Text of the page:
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Old Viking ship found buried alongside busy Norwegian freeway



The buried ship seen from the ground radar
Image: NIKU

Using ground radar, archaeologists in Norway discovered an ancient Viking ship buried only 20 inches below the surface of a farmer's field. The 66-foot ship, deliberately buried in a funeral ritual, appears surprisingly intact ̵

1; and it could contain the skeletal remains of a high-ranking Viking warrior.

It's called Jellstad Ship, and it was planted on farmland in Østfold County in southeastern Norway. The site, known as Viksletta, is located near the large and perfectly intact Jelle Grave Hill, visible from the busy Norwegian Rv41 118 expressway.

Archaeologists from the Norwegian Institute for Cultural Heritage Research (NIKU) have demonstrated the ship with a mobile ground radar with the help of radar specialists from the Ludwig Boltzmann Institute for Archaeological Prospecting and Virtual Archeology (LBI ArchPro). The discovery is significant in that, according to Knut Paasche, head of the department of digital archeology at NIKU, it is only the fourth Viking ship grave ever discovered

The Viksletta Terrain: red circles indicate grave mound locations, orange Rectangles the longhouses, and the green eye-shaped object the old boat.

In addition to the ship, the scans revealed eight previously undiscovered burial mounds and several longhouses. All eight of the hills had been plowed by farmers, but enough evidence remained below the surface for the explorers to identify them as such.

In a statement, district conservator Morten Hanisch in Østfold said that the archaeologists "are certain that there is a ship, but how much is preserved is difficult to predict before further investigation."

The researchers have not yet dug into the topsoil because they hope to perform as much non-invasive work as possible using "all modern means of archeology," Paasche said. In fact, the boards of the ship, once exposed to the elements, will immediately begin to deteriorate. In addition, radar scans show the ship in its undisturbed state. The researchers plan to conduct further scans of the area, but they have not ruled out excavating the ship at some point in the future.

The ship rests only 20 inches (50 centimeters) below the topsoil, and it is about 66 feet (20 meters) long. Preliminary scans indicate that the keel of the ship and the timbers are still intact. While the researchers have not yet dated this page, similar places in Norway date to 800 AD.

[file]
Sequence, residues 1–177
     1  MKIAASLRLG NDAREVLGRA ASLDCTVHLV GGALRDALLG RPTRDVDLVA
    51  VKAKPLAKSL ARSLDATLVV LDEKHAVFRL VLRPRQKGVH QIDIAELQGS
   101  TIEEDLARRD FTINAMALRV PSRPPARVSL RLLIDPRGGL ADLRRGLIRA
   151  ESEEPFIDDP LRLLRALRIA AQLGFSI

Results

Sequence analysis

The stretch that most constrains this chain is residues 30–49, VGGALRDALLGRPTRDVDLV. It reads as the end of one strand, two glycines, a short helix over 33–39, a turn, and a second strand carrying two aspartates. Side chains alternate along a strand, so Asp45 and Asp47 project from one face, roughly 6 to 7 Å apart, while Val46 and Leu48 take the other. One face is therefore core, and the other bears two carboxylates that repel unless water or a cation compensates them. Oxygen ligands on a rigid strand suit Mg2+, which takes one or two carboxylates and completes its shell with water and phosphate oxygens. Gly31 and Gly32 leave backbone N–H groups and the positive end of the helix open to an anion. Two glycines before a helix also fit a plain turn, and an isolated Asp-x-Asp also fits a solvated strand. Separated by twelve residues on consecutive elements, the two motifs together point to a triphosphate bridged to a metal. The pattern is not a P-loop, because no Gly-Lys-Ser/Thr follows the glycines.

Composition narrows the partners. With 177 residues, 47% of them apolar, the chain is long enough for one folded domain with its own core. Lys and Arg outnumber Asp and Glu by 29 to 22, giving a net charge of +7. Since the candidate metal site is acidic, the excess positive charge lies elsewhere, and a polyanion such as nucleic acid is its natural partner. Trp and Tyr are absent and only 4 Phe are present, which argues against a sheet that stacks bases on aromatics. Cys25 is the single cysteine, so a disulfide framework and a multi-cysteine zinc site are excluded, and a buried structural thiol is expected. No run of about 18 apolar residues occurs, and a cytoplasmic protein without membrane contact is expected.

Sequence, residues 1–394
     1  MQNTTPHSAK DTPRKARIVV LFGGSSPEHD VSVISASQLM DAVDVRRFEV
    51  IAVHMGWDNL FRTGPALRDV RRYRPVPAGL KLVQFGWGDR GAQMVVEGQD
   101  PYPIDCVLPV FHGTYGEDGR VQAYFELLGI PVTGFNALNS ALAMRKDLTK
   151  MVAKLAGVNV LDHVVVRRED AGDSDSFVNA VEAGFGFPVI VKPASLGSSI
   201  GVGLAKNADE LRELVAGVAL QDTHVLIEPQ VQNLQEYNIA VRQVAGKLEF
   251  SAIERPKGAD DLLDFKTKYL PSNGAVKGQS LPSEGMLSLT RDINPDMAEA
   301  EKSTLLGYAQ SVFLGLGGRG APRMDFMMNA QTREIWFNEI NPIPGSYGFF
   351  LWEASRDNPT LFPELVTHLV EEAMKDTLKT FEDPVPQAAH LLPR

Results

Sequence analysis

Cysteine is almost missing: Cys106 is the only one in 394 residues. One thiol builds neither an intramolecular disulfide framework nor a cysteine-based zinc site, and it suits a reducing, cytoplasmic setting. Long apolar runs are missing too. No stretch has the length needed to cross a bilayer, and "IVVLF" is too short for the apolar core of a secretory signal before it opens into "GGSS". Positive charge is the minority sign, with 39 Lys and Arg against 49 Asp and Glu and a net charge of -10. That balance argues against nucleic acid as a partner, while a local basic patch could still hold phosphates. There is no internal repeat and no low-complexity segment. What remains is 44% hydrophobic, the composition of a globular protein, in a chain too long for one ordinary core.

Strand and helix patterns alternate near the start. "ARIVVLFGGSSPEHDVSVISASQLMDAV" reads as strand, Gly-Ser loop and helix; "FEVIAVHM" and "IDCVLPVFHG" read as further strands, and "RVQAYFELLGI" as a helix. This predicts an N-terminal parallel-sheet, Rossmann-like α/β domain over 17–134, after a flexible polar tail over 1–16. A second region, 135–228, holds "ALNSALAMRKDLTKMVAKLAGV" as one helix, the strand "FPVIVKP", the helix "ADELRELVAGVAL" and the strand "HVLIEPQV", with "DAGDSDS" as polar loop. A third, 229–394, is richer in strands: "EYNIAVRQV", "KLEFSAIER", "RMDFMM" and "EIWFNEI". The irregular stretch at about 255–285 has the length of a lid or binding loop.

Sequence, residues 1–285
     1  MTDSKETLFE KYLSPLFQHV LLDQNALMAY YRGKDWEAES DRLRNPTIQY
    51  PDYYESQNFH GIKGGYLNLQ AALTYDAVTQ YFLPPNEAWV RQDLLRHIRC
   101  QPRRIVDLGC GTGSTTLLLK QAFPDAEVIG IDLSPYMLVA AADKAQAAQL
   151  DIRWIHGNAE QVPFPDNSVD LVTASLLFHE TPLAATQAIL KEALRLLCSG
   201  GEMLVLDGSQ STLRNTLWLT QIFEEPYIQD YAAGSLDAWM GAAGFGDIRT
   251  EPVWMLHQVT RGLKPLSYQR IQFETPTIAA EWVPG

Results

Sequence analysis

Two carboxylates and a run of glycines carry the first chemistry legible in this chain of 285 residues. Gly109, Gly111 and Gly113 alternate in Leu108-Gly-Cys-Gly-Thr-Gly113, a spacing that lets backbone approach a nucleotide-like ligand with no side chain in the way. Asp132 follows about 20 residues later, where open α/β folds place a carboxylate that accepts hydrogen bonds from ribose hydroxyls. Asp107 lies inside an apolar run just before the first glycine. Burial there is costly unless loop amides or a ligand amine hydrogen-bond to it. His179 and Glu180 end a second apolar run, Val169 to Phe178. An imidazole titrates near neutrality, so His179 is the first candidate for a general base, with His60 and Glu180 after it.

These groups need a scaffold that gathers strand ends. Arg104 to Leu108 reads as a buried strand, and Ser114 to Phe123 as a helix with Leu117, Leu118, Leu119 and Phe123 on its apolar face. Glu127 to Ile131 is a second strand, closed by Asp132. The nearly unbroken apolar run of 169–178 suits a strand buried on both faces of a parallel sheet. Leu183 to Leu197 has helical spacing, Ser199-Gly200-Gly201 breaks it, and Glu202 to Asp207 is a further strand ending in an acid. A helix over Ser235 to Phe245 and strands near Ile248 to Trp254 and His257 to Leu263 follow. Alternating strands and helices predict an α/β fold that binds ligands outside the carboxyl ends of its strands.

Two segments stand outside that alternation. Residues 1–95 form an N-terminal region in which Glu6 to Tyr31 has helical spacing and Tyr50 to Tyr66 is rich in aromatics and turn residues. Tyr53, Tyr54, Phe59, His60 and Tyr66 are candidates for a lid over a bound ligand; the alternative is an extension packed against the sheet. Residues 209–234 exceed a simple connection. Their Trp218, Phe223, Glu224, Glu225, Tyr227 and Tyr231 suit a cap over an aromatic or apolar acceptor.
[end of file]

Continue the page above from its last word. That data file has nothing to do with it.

Artist depiction of the ship before its burial.
Illustration: NIKU

The researchers say the ship was intentionally buried in a burial mound that is not as extraordinary as it might sound. Boats and ships were an indelible aspect of the Viking culture that was used for transport, trade and conquest in Northern Europe until about 1000 years ago. Ships were valuable and were considered symbols of wealth and status. Archaeologists have found previously buried ships, some even with bodies. In 2011, for example, archaeologists in Scotland discovered a 15-foot (5-meter) boat with a warrior inside, along with its shield, sword, spear and other grave goods.

This newly discovered ship may have been part of a cemetery "uniquely designed to show power and influence," said archaeologist and project leader Lars Gustavsen in a statement. It is very likely that the Jellstad ship contains the remains of a high-ranking Viking, but that remains to be proven. It is not immediately clear if the ground radar could pick up traces of a body or bodies; Soil excavations may be necessary.

Five longhouses or halls were also discovered by the researchers, some of them quite large. The scientists said that the site is reminiscent of another place of the Vikings: the Borre area in Vestfold County on the opposite side of the Oslo Fjord.

These results are all very tentative and researchers are preparing for the next phase of the project. This will include more extensive scans of the Viksletta site with additional non-invasive geophysical methods. The discovery of this old ship is very exciting, but perhaps the best is yet to come.

[Norwegian Institute for Cultural Heritage Research]


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